Many Indigenous people have certain protocols for introductions. In keeping with the protocols of my Ojibwe ancestors, please allow me to introduce myself first Ojibwemong:
Boozhoo, Mark Bellcourt niin indizhinikaaz zhaanaashiimong. Bimose Inini idash nindigo Ojibwemong. Gaawiin ningikenimaasii indoodem. Gaa-Waabaabiganikaag niin indoojibaa. Ashkibugziibing nindayendaa noongom.
Greetings, my English name is Mark Bellcourt. However, I am called Walking Man in Ojibwe. I do not know my clan. I come from White Earth, but now I live in St. Paul.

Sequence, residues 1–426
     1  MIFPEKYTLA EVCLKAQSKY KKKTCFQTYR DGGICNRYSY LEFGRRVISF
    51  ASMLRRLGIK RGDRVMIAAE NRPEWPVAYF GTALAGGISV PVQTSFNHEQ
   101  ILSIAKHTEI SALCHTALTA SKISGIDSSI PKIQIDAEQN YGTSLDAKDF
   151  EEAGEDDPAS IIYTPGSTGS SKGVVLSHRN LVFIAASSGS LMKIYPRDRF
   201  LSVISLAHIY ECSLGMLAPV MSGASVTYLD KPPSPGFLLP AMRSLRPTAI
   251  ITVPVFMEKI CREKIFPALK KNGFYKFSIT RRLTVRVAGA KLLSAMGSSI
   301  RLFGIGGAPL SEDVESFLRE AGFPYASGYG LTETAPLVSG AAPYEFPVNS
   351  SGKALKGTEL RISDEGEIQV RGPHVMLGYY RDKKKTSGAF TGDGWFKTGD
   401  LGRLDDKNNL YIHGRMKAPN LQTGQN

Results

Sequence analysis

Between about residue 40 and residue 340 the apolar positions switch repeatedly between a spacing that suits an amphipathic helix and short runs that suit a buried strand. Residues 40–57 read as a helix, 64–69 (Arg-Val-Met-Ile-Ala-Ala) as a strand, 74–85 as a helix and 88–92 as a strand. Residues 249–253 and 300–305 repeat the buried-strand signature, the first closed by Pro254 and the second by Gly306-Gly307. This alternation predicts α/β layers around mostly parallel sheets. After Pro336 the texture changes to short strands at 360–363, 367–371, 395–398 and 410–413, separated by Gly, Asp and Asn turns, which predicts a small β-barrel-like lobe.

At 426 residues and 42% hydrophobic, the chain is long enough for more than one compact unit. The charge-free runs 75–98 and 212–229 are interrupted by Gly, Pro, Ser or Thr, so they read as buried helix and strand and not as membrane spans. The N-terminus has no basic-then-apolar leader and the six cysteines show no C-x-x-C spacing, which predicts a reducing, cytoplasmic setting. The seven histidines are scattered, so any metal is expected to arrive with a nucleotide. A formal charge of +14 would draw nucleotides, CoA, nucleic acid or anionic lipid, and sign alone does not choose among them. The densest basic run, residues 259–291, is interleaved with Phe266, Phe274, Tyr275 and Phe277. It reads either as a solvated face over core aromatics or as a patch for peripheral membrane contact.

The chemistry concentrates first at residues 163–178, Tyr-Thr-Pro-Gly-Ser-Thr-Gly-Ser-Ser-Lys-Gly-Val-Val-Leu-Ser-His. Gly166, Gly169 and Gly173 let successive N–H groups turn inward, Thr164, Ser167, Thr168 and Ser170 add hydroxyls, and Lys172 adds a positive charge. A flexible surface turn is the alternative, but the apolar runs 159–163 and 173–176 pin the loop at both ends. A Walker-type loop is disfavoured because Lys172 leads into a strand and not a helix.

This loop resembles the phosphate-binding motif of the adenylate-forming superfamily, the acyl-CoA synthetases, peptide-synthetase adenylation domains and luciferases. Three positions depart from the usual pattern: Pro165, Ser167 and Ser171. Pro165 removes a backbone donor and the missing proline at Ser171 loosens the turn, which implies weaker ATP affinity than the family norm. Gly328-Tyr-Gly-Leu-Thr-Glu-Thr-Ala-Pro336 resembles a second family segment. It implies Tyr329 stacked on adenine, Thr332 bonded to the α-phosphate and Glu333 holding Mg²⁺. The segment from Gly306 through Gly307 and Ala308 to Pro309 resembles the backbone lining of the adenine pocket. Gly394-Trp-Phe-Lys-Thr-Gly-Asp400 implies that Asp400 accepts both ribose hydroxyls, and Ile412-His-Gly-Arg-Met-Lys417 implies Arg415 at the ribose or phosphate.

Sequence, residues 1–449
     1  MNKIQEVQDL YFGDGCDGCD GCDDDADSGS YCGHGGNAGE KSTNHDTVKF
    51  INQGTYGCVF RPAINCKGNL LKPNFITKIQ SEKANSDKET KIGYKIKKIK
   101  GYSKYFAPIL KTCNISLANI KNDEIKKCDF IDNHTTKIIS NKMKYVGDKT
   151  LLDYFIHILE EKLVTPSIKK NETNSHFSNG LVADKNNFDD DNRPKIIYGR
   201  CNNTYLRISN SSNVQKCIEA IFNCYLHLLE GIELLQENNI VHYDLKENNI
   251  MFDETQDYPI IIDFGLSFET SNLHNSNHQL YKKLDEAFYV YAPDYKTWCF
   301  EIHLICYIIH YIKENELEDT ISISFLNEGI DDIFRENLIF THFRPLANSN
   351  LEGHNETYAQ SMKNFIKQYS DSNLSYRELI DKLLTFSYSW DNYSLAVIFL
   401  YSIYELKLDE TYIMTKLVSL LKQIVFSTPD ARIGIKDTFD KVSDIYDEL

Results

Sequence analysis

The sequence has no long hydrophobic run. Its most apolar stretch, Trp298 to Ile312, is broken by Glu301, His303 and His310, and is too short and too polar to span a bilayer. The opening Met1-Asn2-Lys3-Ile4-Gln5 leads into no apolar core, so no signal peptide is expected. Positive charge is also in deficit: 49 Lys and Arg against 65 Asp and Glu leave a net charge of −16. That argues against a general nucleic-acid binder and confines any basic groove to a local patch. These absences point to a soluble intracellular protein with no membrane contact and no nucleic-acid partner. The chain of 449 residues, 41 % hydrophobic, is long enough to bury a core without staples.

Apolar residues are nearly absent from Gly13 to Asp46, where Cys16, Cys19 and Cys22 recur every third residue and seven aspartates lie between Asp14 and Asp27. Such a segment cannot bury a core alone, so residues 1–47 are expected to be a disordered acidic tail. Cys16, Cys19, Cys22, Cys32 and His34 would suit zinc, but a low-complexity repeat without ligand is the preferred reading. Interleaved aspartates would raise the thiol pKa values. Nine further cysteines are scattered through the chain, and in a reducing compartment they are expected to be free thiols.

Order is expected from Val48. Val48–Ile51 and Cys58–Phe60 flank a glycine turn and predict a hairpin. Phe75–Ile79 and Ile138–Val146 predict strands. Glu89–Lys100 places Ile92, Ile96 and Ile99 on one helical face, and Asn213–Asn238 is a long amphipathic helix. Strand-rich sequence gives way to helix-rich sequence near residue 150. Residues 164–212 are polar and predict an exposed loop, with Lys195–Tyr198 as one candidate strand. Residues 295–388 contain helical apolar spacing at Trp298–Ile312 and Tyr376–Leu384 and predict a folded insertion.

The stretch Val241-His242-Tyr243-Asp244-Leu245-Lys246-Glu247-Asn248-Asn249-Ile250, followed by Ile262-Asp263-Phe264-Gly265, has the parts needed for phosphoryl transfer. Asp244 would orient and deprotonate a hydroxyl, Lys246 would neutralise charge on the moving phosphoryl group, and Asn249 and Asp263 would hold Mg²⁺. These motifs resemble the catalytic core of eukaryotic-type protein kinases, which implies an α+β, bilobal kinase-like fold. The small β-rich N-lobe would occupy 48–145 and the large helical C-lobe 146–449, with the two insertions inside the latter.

I earned my Ed.D. from the University of Minnesota in 2005 in higher education policy and administration. My research interests are in Indigenous worldviews of math and science and how they can be better integrated into the mainstream curriculum. My master’s degree is in counseling and psychological services and bachelor’s degree in educational psychology and communications. I am currently the Coordinator for the President's Emerging Scholars (PES) program in the College of Food, Agriculture and Natural Resources Sciences (CFANS) and senior academic adviser in the College of Education and Human Development. I teach a freshman seminar spring semester called "Native American Ways of Knowing the Environment" (CFAN 1902), lead a Global Seminar called "From Minnesota to Ecuador: Indigenous Environmental Knowledge," and co-teach a seminar for the "Dean's Engaged Leaders Program" and a new integrated course with an international component. Also, I am a part of a team working in the CFANS Office of Diversity and Inclusion to deliver a host of diversity and inclusion initatives in the college and greater campus community. In my spare time, I serve on the national board of directors for the American Indian Science and Engineering Society (AISES) and on the executive council of the North Star AISES Alliance and Professional Chapter.